4) Have a Plan
I have recently signed up for Rob Knopper's auditionhacker newsletter, which included a downloadable PDF of an "audition cheat sheet". One of his tips on this cheat sheet is to mark your calendar with a plan for every practice session between now and the audition. In Sharon Sparrow's book "Six Weeks to Finals" and in the book "Audition Success" by Don Greene, they both discuss the importance of planning out each practice session in preparation for an audition as well. Something that has worked well with me in regards to planning out my practicing is to first create a list of the required repertoire, playing through each of them and ranking how comfortable I feel when playing each piece between a scale of 1-10. I then sort each piece into three categories: 1) very prepared, 2) moderately prepared, 3) work in progress. It is very important to keep each category labeled positively to ensure that the "category threes" do not trigger any negative practicing or "cramming". From there, I write a practice schedule and devote the most time towards my works in progress, devote slightly less time to my "category 2s", and be sure to get at least one run through of each of my most prepared pieces every session to keep them fresh. As my practicing progresses, it is possible for my most prepared pieces to now need more work. It is important to gauge your progress on your repertoire each week and note that the ranking may change based on the amount of work you have put into your pieces that needed it the most. Having a practicing plan can help keep you motivated and can be rewarding as you see yourself progress each week.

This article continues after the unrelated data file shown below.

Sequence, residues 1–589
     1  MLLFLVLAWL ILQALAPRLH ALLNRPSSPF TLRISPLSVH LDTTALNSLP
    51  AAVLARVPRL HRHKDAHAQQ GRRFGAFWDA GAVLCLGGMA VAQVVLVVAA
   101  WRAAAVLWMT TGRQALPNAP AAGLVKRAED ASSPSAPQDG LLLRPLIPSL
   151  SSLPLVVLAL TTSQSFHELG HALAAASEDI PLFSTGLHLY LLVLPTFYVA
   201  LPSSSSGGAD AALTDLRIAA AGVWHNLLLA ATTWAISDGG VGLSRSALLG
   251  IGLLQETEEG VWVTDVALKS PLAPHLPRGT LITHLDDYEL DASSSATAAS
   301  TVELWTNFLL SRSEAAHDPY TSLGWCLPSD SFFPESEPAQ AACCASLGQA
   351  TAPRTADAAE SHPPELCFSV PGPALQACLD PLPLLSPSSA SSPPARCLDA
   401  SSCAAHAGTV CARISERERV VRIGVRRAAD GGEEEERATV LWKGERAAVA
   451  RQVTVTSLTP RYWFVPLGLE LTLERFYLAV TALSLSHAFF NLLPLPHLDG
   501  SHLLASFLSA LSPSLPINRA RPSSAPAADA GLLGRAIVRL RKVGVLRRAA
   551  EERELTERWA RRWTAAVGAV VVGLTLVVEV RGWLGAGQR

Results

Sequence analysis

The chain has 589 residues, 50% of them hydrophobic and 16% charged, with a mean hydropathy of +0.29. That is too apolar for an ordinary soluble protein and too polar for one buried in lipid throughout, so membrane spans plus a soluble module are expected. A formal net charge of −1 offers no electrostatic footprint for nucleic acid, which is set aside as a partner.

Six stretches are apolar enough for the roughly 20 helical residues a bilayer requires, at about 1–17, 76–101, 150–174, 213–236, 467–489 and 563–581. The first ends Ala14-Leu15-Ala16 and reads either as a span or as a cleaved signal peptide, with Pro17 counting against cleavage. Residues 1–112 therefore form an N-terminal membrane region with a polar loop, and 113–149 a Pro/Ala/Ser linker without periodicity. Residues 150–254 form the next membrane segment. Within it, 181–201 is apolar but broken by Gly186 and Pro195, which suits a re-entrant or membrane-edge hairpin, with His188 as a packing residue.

5) Be organized
If your auditions require travel, have your travel plans set weeks in advance. Have your flights and hotels booked, and be sure to refer to the travel recommendations page on the university or conservatory's website before booking. Sometimes local hotels offer discounts for auditioning students, and that information can be found on the travel recommendations page on the school's website as well. I like to print out any audition confirmation, information for auditioning students document, and even sometimes email confirmations from prospective teachers for any private lessons you may take with their rates included. I keep these in my "audition binder" along with copies of all of my music and a list of repertoire requirements for each school. Staying organized and filing all of your information as you receive it may save you some stress as you get closer to the audition itself so that you can focus on being prepared to the best of your ability!
Below are links to the resources I have cited in my article as well as many other sources for your reference regarding the audition preparation process:
Don Greene: Audition Success
Sharon Sparrow: Six Weeks to Finals
Rob Knopper: Audition Cheat Sheet
The Bulletproof Musician: 7 Preparation Tips for Successful Auditions
The Bulletproof Musician: Start Your Audition Off on the Right Foot!